Clothes and the Man

I suppose there has been a dumber Washington Post article, but offhand I can't think of one.

The Senate is considering John Bolton's fitness for office, an issue that has implications for our policy towards North Korea in the past and present, and the world in the future, and the Post Style section runs a critique of the man's hair, mustache and shirt?!?

Bolton's Hair: No Brush With Greatness. John Bolton, President Bush's nominee for ambassador to the United Nations, desperately needs a haircut. It does not have to be a $600 Sally Hershberger cut. Bolton simply needs the basics. Tidy the curling, unruly locks at the nape of his neck, tame the volume at the crown, reel in the wings flapping above his ears, and broker a compromise between his sand-colored mop and his snow-colored mustache.

He needs to do this, not because he should be minding the recommendations of men's fashion magazines or grooming experts but because when he settled in before the Senate Foreign Relations Committee this week to answer questions about his record, his philosophy and his intentions at the U.N., he looked as though he did not even have enough respect for the proceedings to bother combing his hair — or, for that matter, straightening his tie, or wearing a shirt that did not put his neck in a chokehold. Bolton was one wrinkled suit away from being an insolent mess.

Bolton sat before the committee with his tie askew. Not slightly crooked or just a hint off-center but looking like it had been knotted in the dark. The tie itself was an uninspired dark red with bright yellow stripes. It was looped tightly under the button-down collar of his pale-blue shirt — a shirt that encircled his neck in a menacing way.

A Hollywood costumer could not have ordered a more perfectly stern Washington insider. Bolton embraces with a flourish all of the cliches that afflict so many men in Washington. During this testimony, his hand was constantly reaching up to adjust his no-frills glasses. His attire was not merely bland but careless. His hair was so poorly cut, it bordered on rude. Bolton might well argue that appearance has nothing to do with capabilities. But it certainly can be a measure of one's respect for the job.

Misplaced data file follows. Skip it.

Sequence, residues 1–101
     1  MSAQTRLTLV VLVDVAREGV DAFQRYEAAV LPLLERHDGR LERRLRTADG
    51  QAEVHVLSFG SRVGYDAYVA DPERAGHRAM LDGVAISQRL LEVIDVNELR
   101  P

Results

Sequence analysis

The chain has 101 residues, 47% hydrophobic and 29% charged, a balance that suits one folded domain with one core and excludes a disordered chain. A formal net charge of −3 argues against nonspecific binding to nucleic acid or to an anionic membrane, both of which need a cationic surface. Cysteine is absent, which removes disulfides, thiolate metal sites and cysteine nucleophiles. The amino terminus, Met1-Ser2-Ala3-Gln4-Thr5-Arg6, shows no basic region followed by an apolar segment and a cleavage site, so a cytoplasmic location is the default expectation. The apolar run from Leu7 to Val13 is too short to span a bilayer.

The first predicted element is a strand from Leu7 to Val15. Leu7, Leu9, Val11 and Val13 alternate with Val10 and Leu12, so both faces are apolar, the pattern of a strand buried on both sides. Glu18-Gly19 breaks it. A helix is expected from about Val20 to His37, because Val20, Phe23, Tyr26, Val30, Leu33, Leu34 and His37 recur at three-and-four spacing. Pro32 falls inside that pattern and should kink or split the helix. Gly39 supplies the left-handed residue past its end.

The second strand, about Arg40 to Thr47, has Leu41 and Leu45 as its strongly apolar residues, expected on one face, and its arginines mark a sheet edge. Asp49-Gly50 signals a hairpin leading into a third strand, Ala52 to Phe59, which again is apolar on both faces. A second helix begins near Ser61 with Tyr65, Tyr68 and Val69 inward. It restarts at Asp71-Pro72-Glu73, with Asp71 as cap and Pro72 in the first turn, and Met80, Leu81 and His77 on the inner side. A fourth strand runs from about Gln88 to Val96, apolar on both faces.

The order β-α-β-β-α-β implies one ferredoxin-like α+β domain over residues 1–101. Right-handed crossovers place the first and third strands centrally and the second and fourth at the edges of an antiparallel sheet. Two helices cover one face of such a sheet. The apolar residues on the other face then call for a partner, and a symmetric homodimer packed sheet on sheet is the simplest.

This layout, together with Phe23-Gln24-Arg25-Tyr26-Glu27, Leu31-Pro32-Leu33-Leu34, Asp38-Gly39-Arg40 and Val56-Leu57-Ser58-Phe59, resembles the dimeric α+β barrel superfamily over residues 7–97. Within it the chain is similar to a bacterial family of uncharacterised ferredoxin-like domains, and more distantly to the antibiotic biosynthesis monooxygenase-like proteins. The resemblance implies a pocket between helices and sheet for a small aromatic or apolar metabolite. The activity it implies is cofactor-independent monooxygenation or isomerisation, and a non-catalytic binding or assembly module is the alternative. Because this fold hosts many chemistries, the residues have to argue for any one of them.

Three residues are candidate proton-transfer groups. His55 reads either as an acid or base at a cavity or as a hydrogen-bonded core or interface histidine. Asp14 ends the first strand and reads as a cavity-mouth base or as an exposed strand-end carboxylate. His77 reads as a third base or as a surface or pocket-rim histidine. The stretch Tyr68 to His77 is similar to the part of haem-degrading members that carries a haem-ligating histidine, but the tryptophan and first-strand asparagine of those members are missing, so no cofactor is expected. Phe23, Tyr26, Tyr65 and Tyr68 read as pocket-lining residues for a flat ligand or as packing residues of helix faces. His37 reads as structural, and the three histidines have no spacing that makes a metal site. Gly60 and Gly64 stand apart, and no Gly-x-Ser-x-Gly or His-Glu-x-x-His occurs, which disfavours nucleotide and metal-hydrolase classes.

It was always the case that DC was a bastion of lousy dressing. Power was your job, not your clothes. Clothes was a New York thing. (And in Miami it's too hot during the day for power clothes (or in some cases any clothes); I gather that dressing up is primarily a post-midnight phenomenon.)

Apparently, modern life in the Sultan's court that is 21st century Washington DC is one in which the clothes make the man.

(Of course, living as I do so far outside the beltway, I may be missing some catty subtext based on personal relationships. This may just be an ordinary case of kicking someone when they are down. But that doesn't mean the Post had to print it.)

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4 Responses to Clothes and the Man

  1. On The Importance of Biting Satire

    So Michael Froomkin is upset about Robin Givhan’s biting commentary on John Bolton – Bolton’s Hair: No Brush With Greatness.

    Fair enough, the clothes don’t make the man; everyone knows that. There is almost a sense of disdain that the Style section of the Post will deign to weigh in on political matters instead of the Ivory Tower of law professors. And the reasoned discourse of Froomkin and various others is vital part of my daily reading. Indeed the ruminations of these sedate, professorial types are the first things that Bloglines presents to me when I fire up my conversational browser engine.

    But here, I think he understates the importance of satire in social commentary. Saying “The Emperor has no clothes” as this piece almost literally does is a very valuable thing in human affairs. And Bolton is far from being down and out. It is only a truism to say is that his appointment and imposition by a Party and administration that controls the 3 branches of the US government is a very literal slap in the face of the UN as an institution and that amorphous mass we call “The International Community”.

    Unlike say handing Robert MacNamara the job at the World Bank, this, and Paul Wolfowitz’s recent ascension to that same institution (I should be careful since some of my relatives are now under his thumb), are cases in point about the mindset of these very serious neocons. This is in line with all the appointments of this current administration. I’ll only mention Gale Norton at Interior and the various memos, tweaks of rules and regulations written in backrooms by churchgoing wonky policy types that Froomkin daily decries.



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